London: Britain's Supreme Court on Friday said
it will hear an appeal by WikiLeaks founder Julian Assange
against his extradition to Sweden where he is accused of rape
and sexual assault.
Britain's highest court said seven judges would hear the
high-profile case from February 1.
Assange, who remains on conditional bail in the UK, is
wanted by Swedish authorities for questioning over allegations
of sexual assault.
The 40-year-old Australian denies the allegations and
claims they are politically motivated and linked to the
activities of WikiLeaks, which angered the United States by
publishing thousands of secret documents.
He spent much of the last year under virtual house arrest
since he was first detained in December 2010.
A Supreme Court spokesman said the judges had agreed to
hear the case "given the great public importance of the issue
raised, which is whether a prosecutor is a judicial
"A panel of three Supreme Court Justices - Lord Hope,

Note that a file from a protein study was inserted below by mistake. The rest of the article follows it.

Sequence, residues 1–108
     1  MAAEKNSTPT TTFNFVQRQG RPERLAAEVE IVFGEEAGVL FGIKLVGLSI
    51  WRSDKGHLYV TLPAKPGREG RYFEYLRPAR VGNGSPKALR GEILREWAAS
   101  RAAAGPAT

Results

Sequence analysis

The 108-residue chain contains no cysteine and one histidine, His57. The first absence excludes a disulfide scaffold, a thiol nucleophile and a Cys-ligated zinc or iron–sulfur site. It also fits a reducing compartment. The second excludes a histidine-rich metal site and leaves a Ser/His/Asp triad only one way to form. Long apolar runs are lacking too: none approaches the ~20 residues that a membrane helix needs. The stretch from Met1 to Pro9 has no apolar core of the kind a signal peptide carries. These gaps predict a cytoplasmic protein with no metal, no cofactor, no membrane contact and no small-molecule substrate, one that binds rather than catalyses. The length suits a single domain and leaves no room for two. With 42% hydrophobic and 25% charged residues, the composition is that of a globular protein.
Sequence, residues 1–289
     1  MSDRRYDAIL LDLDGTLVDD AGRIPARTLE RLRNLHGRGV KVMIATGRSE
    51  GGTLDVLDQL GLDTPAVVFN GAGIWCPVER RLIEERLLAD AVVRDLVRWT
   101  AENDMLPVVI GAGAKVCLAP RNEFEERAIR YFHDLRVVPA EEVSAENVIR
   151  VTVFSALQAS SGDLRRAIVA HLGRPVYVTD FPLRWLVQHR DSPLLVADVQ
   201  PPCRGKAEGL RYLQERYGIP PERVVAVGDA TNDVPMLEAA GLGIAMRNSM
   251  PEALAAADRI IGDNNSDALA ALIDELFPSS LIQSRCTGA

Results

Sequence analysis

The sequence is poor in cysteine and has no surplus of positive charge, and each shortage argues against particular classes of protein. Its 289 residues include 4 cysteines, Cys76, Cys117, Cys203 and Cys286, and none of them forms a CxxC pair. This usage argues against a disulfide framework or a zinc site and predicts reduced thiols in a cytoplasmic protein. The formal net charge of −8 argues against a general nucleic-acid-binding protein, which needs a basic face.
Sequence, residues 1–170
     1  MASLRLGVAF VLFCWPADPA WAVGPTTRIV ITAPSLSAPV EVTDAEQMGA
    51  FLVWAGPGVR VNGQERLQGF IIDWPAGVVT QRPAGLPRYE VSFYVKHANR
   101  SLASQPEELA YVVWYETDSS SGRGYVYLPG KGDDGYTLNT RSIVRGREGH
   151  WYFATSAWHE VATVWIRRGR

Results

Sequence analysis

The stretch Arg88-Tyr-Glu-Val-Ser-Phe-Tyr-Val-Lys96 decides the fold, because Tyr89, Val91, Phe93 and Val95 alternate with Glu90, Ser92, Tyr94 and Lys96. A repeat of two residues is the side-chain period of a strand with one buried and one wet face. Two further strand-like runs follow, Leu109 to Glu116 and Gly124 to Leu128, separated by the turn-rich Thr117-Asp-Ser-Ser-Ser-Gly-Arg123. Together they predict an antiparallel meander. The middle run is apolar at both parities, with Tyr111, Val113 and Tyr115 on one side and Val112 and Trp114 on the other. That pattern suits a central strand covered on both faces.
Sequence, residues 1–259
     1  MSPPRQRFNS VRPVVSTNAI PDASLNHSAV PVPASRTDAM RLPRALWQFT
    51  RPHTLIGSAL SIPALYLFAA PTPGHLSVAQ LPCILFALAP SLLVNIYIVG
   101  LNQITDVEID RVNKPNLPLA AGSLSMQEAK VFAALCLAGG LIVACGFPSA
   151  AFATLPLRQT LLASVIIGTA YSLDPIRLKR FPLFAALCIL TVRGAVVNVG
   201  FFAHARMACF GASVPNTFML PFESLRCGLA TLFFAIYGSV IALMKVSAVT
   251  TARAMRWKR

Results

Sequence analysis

Lord Mance and Lord Dyson - has considered the written
submissions of the parties; this is the court's usual practice
for considering applications for permission to appeal.
"The Supreme Court has granted permission to appeal and
a hearing has been scheduled for two days, beginning on 1
February 2012," the BBC quoted the spokesman as saying.
The High Court previously approved his extradition - but
Assange argues that decision was unlawful.
The Swedish authorities are seeking to put him on trial
for the alleged rape of one woman and "sexually molesting and
coercing" another in Stockholm in August 2010.
Earlier this month two High Court judges refused Assange
permission to appeal but they gave him 14 days to ask the
Supreme Court justices to give a final UK ruling.
First Published: Friday, December 16, 2011, 22:59